Other Insects & Diseases
What's going on with the maple trees?
The spring and early summer of 2011 consisted of cool days and nights combined with excessive amounts of rainfall and not very many sunny days. These conditions were just right for infection by several fungal diseases that we saw on maple trees - primarily on norway maples. Common symptoms included: brown, black, and yellow spots on leaves; wrinkled leaves; and leaves falling prematurely.
The two primary foliar diseases responsible were “Tar Spot” and “Maple Anthracnose.” Detailed information about these foliar diseases from the UW-Extension can be found below. The presense of these foliar diseases has continued for the past several years.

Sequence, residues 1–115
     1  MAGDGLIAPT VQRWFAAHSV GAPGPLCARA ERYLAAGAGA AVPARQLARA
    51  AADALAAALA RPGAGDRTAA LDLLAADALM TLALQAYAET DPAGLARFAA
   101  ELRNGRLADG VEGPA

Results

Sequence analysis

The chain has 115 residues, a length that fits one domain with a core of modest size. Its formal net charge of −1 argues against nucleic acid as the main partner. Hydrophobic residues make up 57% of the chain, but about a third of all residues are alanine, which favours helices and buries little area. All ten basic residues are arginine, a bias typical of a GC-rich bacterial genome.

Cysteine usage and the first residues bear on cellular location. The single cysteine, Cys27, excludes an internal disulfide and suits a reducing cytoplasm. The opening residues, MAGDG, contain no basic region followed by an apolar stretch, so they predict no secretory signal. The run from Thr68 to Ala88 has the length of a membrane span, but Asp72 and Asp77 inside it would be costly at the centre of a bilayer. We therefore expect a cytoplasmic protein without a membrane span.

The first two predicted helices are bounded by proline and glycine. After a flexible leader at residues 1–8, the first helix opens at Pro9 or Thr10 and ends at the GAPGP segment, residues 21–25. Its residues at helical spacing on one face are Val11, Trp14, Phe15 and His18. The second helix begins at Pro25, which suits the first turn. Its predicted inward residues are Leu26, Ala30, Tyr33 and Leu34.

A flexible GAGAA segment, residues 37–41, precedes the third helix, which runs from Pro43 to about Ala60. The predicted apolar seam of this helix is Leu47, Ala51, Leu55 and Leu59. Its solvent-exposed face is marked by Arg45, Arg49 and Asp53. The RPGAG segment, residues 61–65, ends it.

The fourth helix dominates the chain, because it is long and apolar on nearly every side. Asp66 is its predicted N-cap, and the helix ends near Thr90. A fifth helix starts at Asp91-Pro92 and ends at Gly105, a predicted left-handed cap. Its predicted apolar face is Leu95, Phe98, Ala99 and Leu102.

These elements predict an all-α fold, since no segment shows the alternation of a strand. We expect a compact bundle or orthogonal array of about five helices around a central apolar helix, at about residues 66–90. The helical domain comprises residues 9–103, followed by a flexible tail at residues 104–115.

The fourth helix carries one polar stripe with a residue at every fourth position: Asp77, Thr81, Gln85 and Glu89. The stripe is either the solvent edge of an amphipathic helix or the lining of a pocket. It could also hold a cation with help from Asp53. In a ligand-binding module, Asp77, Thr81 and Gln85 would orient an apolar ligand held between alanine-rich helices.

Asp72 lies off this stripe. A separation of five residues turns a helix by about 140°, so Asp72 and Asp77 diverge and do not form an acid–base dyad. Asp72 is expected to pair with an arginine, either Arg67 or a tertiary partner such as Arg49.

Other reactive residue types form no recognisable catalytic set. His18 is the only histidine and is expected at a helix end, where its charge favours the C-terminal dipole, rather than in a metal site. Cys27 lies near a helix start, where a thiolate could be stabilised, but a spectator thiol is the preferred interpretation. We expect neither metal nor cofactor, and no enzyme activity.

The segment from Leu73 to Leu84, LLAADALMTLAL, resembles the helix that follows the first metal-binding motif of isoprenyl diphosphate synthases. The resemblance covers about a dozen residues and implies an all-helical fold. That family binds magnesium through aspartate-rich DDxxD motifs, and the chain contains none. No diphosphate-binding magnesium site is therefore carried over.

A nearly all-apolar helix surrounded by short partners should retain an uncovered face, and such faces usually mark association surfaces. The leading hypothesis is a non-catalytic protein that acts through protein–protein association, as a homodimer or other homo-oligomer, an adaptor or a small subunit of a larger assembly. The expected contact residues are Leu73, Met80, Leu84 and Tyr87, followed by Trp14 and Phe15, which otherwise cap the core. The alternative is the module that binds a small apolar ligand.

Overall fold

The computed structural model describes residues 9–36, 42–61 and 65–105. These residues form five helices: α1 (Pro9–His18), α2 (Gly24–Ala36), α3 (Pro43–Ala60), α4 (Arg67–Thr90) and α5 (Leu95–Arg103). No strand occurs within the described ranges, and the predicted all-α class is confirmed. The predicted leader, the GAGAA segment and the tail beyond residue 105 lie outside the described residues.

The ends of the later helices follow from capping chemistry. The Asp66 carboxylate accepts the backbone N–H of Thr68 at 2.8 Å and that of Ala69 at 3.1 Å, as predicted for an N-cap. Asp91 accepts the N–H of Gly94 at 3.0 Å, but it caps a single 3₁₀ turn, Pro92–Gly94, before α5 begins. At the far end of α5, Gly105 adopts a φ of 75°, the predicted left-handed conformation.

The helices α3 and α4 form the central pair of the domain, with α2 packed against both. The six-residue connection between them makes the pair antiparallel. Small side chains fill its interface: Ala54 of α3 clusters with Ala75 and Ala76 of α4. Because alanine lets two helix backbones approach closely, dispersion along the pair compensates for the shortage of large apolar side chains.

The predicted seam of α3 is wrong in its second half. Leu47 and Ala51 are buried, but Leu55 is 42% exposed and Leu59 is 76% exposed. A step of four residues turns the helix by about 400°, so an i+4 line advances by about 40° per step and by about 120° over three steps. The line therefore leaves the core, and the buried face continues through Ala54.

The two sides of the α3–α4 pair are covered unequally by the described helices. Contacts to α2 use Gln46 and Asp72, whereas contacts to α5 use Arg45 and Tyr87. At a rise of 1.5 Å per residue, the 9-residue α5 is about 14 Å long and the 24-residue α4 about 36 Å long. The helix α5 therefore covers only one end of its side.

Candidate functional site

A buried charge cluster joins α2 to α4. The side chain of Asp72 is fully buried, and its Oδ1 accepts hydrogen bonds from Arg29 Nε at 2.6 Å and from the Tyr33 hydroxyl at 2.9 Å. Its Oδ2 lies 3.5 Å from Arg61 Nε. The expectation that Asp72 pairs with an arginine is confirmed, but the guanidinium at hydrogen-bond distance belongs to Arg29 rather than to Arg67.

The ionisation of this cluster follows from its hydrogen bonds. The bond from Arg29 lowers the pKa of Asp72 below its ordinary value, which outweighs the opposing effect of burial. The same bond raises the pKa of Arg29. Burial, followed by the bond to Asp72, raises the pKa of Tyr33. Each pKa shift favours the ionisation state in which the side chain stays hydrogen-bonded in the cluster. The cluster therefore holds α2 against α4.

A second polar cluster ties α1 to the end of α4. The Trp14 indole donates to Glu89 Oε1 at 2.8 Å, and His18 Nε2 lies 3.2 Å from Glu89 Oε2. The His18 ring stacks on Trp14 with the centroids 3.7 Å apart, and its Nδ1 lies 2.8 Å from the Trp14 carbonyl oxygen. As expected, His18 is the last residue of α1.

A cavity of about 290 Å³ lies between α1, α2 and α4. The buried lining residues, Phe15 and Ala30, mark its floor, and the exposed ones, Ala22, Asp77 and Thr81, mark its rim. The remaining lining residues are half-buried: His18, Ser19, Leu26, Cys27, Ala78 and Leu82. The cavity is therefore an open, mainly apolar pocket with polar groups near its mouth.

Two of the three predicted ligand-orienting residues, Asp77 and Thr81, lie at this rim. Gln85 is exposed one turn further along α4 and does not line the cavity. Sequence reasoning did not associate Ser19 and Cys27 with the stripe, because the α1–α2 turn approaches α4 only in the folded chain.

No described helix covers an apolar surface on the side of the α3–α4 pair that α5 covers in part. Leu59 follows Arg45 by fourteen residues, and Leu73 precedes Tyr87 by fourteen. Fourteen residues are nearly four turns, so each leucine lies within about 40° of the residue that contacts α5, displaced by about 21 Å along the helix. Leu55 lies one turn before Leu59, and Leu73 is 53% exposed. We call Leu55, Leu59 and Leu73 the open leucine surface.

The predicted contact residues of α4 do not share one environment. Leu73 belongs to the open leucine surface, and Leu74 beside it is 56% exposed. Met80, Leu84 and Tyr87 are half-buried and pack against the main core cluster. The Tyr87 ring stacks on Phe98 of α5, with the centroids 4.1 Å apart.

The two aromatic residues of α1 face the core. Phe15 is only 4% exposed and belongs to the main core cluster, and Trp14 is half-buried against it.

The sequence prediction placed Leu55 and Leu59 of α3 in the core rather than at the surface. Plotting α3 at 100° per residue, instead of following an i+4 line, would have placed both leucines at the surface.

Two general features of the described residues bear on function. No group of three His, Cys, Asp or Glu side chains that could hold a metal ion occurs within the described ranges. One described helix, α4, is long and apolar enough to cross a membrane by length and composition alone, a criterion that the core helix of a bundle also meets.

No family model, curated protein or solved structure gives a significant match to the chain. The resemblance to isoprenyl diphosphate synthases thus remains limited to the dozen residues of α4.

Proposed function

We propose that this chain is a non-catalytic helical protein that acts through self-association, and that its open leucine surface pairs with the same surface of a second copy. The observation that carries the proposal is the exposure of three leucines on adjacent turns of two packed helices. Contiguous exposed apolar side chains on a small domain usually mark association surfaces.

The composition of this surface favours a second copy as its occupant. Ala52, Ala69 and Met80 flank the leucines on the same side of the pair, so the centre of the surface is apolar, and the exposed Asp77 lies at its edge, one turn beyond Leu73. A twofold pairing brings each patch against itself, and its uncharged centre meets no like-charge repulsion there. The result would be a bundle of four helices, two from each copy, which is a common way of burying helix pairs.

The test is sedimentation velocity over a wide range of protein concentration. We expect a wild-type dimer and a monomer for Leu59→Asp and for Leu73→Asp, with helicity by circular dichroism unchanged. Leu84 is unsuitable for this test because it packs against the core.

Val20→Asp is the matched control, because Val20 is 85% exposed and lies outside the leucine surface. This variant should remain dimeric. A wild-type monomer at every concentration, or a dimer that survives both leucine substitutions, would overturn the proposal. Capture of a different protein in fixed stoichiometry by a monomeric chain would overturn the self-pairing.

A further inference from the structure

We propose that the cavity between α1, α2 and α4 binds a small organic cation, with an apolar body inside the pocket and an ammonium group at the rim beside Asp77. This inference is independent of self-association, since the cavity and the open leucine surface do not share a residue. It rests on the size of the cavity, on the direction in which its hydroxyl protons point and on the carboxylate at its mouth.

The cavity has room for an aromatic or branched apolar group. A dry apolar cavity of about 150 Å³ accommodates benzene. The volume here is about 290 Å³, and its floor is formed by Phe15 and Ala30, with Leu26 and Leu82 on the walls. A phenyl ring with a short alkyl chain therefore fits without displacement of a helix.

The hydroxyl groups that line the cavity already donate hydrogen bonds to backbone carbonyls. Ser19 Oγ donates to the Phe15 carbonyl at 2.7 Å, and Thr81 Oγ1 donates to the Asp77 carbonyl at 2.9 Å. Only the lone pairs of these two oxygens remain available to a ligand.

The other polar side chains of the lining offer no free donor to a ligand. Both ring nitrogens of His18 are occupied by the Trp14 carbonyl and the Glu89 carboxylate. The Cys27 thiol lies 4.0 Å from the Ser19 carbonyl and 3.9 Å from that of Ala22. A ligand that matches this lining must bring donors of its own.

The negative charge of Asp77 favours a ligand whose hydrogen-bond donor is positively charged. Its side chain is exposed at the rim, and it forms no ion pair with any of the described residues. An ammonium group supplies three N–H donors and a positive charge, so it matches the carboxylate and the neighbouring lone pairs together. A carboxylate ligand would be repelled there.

Neither of these diseases is “life-threatening” to the continued health of trees. If an infected tree is in relatively good health, it can withstand these foliar fungal diseases. By the time the symptoms emerged it was late into a tree’s annual growth cycle, buds for the next year had already been produced and carbohydrate reserves were stored in the trunk and root systems of trees providing the necessary energy to start bud break and photosynthesis next year.